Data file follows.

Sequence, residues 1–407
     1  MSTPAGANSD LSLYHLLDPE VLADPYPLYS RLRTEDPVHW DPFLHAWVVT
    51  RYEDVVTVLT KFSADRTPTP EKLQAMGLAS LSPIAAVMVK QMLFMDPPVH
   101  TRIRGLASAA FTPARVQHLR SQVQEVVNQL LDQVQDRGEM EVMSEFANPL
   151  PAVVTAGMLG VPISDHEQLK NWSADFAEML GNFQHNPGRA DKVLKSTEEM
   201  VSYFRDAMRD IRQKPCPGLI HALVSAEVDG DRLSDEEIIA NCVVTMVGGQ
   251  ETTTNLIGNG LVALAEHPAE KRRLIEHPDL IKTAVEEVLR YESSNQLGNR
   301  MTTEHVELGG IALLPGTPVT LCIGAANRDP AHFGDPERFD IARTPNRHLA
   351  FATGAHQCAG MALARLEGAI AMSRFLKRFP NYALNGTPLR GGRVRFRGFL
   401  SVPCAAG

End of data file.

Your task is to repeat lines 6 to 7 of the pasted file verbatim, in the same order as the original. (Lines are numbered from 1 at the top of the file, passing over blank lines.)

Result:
   201  VSYFRDAMRD IRQKPCPGLI HALVSAEVDG DRLSDEEIIA NCVVTMVGGQ
   251  ETTTNLIGNG LVALAEHPAE KRRLIEHPDL IKTAVEEVLR YESSNQLGNR